NASDAQ System hacked through two Zeroday Vulnerability

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Four years ago, Russian hackers have hacked into the system of  NASDAQ stock exchange, which have caused several damaged to the sock market and also brought down the entire financial structure of United State. And after the fours years, FBI team and investigator of this incident haven't identified the hackers behind it. But sources says that the attacker was not a teen or a student, but it may be the intelligence agency of other countries.

After successfully exploiting the NASDAQ server, hackers have used a malware into the attack, which have the capability to extract data from the systems and carry out surveillance as well. However researcher says that the malware was designed to infect the wide spread system of the NASDAQ.

According to the recent reports  by the Businessweek, reveals that the attack was carried out by leveraging two zero-day vulnerabilities, which allowed the intruders to insert malicious code into the systems of Nasdaq and have access to them for at least three months prior to the detection of the attack.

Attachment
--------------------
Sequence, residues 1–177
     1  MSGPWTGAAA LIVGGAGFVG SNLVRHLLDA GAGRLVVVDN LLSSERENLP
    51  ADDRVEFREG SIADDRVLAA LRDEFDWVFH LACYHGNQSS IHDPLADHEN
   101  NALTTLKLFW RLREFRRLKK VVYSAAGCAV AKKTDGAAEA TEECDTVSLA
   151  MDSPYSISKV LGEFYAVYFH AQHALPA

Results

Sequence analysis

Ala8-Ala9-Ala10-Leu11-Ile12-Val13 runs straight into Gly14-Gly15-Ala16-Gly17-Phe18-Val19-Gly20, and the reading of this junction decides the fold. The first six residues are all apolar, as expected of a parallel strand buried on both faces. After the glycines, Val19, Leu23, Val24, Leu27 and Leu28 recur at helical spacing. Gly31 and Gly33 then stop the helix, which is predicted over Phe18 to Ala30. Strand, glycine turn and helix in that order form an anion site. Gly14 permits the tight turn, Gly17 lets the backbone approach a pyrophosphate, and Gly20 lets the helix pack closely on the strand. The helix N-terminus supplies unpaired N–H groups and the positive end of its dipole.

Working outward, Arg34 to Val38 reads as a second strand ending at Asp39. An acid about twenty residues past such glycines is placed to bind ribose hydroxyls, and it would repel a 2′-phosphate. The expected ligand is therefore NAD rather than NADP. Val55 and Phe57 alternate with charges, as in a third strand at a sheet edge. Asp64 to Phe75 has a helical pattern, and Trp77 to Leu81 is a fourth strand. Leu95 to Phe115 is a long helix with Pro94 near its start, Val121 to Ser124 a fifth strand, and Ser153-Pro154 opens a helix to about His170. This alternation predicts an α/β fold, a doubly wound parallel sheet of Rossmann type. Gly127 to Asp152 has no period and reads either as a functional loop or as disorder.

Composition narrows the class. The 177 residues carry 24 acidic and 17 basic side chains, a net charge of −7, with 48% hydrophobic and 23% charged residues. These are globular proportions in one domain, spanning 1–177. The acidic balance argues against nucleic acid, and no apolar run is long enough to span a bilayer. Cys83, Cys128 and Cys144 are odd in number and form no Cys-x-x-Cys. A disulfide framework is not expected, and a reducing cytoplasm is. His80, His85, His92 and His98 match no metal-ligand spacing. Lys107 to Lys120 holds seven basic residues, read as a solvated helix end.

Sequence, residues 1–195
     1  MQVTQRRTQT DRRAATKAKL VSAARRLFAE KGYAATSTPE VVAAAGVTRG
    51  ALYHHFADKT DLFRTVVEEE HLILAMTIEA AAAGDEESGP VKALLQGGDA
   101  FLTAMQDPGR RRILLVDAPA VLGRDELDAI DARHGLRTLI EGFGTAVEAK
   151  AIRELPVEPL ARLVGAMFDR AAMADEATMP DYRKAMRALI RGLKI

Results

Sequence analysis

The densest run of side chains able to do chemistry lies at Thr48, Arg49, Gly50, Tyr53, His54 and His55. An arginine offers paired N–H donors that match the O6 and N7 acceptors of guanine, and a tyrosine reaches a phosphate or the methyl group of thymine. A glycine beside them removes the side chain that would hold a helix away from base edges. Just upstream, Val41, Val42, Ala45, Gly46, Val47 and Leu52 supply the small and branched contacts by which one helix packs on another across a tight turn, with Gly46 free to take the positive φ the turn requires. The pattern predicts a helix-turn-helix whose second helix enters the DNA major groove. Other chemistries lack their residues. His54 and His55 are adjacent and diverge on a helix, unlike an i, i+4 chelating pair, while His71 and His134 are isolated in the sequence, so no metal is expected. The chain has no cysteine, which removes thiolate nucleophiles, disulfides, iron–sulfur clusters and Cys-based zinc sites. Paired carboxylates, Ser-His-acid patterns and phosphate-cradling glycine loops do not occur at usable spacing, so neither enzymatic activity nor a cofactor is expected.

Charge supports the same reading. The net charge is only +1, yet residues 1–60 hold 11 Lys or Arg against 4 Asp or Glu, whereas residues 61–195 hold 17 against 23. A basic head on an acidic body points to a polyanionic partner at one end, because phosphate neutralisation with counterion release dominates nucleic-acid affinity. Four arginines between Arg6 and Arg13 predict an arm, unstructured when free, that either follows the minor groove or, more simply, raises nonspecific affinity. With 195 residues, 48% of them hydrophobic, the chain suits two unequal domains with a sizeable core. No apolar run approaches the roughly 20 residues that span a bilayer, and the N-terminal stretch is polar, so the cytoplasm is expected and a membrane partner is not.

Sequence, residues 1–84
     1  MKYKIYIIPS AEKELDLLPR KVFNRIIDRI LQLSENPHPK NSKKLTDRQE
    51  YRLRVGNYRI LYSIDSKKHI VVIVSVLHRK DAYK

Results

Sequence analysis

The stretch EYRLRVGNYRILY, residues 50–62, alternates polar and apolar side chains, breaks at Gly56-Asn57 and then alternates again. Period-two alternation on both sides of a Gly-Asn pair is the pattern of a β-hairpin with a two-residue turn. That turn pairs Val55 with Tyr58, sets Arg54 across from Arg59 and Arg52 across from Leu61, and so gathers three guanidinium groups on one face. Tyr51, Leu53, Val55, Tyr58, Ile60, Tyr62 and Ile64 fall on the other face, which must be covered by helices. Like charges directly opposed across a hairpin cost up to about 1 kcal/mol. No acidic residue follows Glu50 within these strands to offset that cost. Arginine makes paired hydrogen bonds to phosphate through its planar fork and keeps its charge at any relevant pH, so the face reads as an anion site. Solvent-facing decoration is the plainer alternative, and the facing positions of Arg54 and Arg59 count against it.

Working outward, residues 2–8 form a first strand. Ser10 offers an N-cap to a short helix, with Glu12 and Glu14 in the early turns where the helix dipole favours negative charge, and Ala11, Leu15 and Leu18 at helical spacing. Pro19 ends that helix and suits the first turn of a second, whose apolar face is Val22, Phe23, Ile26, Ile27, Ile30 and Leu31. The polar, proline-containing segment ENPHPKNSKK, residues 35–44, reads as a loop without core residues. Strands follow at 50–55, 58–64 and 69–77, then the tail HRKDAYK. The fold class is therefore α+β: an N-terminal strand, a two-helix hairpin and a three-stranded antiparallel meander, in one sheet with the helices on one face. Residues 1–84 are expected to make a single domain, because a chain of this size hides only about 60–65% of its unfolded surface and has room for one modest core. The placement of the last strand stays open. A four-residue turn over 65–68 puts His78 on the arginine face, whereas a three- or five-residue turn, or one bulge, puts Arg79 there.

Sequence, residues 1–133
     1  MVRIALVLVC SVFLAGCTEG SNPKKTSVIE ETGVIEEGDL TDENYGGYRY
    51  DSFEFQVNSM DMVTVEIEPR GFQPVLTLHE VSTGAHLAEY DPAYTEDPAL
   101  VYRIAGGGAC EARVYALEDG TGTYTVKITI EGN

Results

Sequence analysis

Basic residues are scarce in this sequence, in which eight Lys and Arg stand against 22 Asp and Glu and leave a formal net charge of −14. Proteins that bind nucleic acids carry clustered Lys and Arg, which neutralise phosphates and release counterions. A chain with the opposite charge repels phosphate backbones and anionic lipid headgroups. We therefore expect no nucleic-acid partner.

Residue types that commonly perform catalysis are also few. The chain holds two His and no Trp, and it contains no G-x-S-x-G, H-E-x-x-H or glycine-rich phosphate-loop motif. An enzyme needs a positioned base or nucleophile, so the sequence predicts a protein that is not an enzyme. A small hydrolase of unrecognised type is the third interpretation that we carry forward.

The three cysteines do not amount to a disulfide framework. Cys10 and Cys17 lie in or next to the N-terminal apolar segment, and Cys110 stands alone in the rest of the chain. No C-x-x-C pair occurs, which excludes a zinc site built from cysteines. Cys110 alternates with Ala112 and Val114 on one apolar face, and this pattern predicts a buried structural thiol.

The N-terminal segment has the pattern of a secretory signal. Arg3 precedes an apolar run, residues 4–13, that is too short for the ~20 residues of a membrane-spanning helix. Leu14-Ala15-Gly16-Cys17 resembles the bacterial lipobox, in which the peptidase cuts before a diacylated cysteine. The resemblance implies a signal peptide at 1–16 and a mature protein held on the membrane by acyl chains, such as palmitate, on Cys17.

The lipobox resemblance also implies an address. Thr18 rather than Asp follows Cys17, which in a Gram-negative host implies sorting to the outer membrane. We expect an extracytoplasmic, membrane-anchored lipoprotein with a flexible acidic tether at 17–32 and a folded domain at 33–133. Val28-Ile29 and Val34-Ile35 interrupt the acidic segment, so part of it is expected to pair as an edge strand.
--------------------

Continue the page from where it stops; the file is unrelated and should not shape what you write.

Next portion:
The report of the compromise was already given to NASDAQ, but had neglected the issue. After that National Security Agecy (NSA) were called to investigate the hack incident. After the five months of investigation by FBI , NSA and CIA, it was uncovered that the malware used two unnamed Zero-day security flaws, for which there were no patches existed.

NSA point out that the code of the malware was similar to the malware previously used by the Russia’s espionage agency Russian Federal Security Service. It appears that the ability of the malware is simple spying on the financial activity of the NASDAQ.

Forensic investigator of the hack incidents says that NASDAQ system had a poor security and thus highly vulnerable to the hackers attacks. The investigator also founds evidence  that several outside group have access to the NASDAQ information, but who are they, is not been clear.

Bloomberg reports that one of the forensic investigators referred to the Nasdaq’s systems as “the dirty swamp,” because very few records were available that would have revealed daily activities on the servers and would have helped retrace the steps of the intruders.

Nasdaq spokesperson says that the malware did not reach the stock exchange, as originally stated in the cover story headline. "The events of four years ago, while sensationalized by Businessweek, only confirmed what we have said historically: that none of Nasdaq's trading platforms or engines were ever compromised, and no evidence of exfiltration exists from directors' desks," said NASDAQ spokesman Ryan Wells.

The investors also reveals that attacker have not attacked into the other financial business system, as attacker can easily expand its attack with exploiting same vulnerability on other business system too. 
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